Last Updated on January 24, 2019
Nouriel Roubini, also known as Dr. Doom, the man who in 2006 warned the U.S. that its housing bubble was about to burst and that the fallout from subprime mortgages would ruin the global economy. Last week, Roubini observed that the global economy is like a jetliner with only one functioning engine keeping it in the air, and that that engine is America.
It was only a couple of years ago that predictions from economists such as Roubini, were feasting on the imagined carcass of American capitalism, thanks to an engineered cycle of government debt crises that repeatedly brought the economy to the brink.
U.S. GDP has grown at an annual rate of 3.5 per cent, having been stuck in the two per cent range for several years. U.S. factory activity has also steadily strengthened throughout the year while the number of U.S. job openings has climbed to a level not seen in 13 years. At no other time in the last half-century has America’s fiscal position improved so quickly, with the U.S. federal deficit going from US$1.3 trillion in 2009 to US$484 billion in 2014.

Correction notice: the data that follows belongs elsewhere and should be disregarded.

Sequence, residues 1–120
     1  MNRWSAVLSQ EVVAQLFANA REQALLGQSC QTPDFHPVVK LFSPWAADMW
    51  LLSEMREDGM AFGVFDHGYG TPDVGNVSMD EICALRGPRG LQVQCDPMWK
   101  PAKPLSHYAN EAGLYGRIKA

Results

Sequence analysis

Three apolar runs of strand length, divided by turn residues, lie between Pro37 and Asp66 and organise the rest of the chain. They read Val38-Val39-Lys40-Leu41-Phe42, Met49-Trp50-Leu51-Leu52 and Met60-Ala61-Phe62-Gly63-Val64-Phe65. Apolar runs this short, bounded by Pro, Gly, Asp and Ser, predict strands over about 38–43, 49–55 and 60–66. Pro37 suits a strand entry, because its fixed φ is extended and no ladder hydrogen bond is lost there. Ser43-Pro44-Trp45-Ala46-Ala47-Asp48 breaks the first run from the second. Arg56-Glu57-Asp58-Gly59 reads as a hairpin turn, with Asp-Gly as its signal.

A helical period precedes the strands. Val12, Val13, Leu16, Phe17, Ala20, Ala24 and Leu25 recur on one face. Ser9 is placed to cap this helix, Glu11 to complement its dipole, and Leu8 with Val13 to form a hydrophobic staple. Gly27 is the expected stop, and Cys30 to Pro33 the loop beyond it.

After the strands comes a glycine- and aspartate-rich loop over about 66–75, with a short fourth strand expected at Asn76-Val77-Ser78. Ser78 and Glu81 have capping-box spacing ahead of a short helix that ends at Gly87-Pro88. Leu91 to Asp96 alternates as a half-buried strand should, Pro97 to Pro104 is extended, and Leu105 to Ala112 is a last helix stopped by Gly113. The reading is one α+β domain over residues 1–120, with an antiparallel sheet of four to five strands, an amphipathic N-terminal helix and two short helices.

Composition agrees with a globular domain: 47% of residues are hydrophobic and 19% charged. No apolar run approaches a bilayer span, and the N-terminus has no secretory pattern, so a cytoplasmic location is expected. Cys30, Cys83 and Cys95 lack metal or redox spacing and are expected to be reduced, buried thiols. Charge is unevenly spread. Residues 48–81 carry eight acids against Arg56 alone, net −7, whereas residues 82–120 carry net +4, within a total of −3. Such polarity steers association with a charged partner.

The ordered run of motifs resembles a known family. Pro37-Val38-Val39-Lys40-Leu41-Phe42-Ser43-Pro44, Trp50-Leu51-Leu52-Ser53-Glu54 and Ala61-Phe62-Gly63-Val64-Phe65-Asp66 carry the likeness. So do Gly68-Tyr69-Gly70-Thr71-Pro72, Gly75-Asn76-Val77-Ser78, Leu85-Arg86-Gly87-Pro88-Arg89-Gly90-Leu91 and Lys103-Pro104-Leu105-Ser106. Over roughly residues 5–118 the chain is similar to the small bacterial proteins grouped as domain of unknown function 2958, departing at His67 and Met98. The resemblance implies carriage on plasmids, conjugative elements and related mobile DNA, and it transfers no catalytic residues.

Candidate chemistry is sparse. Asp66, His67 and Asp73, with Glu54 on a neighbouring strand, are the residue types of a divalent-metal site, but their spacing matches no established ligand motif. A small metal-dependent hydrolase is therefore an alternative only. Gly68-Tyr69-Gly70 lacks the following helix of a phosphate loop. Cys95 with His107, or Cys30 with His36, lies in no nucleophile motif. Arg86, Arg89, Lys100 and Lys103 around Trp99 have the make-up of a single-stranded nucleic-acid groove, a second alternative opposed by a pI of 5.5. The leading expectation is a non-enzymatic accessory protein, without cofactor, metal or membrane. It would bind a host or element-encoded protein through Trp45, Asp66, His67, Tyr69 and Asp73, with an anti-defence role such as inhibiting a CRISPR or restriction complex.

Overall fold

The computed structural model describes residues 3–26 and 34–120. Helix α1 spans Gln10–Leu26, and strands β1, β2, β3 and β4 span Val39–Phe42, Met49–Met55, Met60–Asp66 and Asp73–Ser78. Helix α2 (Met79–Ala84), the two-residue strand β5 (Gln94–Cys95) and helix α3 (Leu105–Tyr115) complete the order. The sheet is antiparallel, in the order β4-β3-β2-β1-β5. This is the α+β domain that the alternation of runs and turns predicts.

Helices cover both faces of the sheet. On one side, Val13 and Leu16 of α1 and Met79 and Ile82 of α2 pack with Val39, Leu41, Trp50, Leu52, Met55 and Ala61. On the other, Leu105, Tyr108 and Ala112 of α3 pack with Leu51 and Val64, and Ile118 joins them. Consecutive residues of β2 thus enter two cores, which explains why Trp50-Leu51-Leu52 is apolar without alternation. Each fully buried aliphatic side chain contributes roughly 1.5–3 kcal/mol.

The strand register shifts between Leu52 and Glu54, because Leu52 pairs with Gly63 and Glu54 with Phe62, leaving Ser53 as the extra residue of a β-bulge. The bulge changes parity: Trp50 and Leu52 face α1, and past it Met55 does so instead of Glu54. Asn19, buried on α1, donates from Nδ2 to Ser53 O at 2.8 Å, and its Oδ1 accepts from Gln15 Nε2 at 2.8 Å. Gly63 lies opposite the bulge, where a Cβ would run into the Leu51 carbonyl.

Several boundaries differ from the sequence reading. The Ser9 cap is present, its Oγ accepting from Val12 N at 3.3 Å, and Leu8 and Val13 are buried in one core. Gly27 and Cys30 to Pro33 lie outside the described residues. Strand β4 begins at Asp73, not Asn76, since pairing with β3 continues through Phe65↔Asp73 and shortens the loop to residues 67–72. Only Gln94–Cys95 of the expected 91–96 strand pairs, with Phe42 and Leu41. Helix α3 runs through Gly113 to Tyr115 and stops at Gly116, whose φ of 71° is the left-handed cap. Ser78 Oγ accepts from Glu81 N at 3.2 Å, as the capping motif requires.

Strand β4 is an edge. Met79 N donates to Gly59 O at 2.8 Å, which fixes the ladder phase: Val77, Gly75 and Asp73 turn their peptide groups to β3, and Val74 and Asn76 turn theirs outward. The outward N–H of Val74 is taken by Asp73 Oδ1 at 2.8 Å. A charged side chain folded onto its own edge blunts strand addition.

At the consumer level, despite almost no rise in wages, households have brought their debt levels back in line with historical norms when measured against disposable income. While the U.S. Federal Reserve continues to prop up the economy with ultra-low interest rates, it has ended its quantitative easing program, which saw it buy up US$4.5 trillion in Treasuries and mortgage bonds as a way to inject liquidity into the economy, and higher interest rates are on their way.
The contrast between America and the rest of the world, however, is stark. Growth in China and Europe is slumping while Japan’s economy has stalled and developing nations everywhere have hit the brakes. Even Canada’s economy, which has traditionally done well when America does well, seems to be moving in the opposite direction.
For Canada, there’s arguably more bad news than good in all this. As our largest export customer—America—recovers, we will, of course, benefit. But at the provincial and household levels, Canada has barely begun the necessary deleveraging process that has been under way in America for five years. Unfortunately, the chain reaction from that threatens to keep Canada’s economy grounded, even as the American economy soars.